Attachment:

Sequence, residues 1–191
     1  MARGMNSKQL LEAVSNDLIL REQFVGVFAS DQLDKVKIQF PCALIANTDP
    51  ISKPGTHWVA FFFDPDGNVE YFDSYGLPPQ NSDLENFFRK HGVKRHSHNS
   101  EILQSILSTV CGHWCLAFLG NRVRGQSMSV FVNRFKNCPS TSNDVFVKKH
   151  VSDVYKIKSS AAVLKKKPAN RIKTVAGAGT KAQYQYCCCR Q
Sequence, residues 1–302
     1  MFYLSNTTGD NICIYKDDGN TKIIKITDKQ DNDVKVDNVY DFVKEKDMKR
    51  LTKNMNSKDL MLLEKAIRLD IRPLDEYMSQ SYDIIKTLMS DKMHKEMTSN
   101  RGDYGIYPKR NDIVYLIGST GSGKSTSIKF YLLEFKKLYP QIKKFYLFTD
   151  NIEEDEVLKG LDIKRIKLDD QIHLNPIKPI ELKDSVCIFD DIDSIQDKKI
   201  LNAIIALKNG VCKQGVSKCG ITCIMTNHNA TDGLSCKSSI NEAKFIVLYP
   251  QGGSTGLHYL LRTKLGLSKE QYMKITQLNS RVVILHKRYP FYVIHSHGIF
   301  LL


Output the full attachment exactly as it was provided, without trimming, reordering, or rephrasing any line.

Sequence, residues 1–191
     1  MARGMNSKQL LEAVSNDLIL REQFVGVFAS DQLDKVKIQF PCALIANTDP
    51  ISKPGTHWVA FFFDPDGNVE YFDSYGLPPQ NSDLENFFRK HGVKRHSHNS
   101  EILQSILSTV CGHWCLAFLG NRVRGQSMSV FVNRFKNCPS TSNDVFVKKH
   151  VSDVYKIKSS AAVLKKKPAN RIKTVAGAGT KAQYQYCCCR Q
Sequence, residues 1–302
     1  MFYLSNTTGD NICIYKDDGN TKIIKITDKQ DNDVKVDNVY DFVKEKDMKR
    51  LTKNMNSKDL MLLEKAIRLD IRPLDEYMSQ SYDIIKTLMS DKMHKEMTSN
   101  RGDYGIYPKR NDIVYLIGST GSGKSTSIKF YLLEFKKLYP QIKKFYLFTD
   151  NIEEDEVLKG LDIKRIKLDD QIHLNPIKPI ELKDSVCIFD DIDSIQDKKI
   201  LNAIIALKNG VCKQGVSKCG ITCIMTNHNA TDGLSCKSSI NEAKFIVLYP
   251  QGGSTGLHYL LRTKLGLSKE QYMKITQLNS RVVILHKRYP FYVIHSHGIF
   301  LL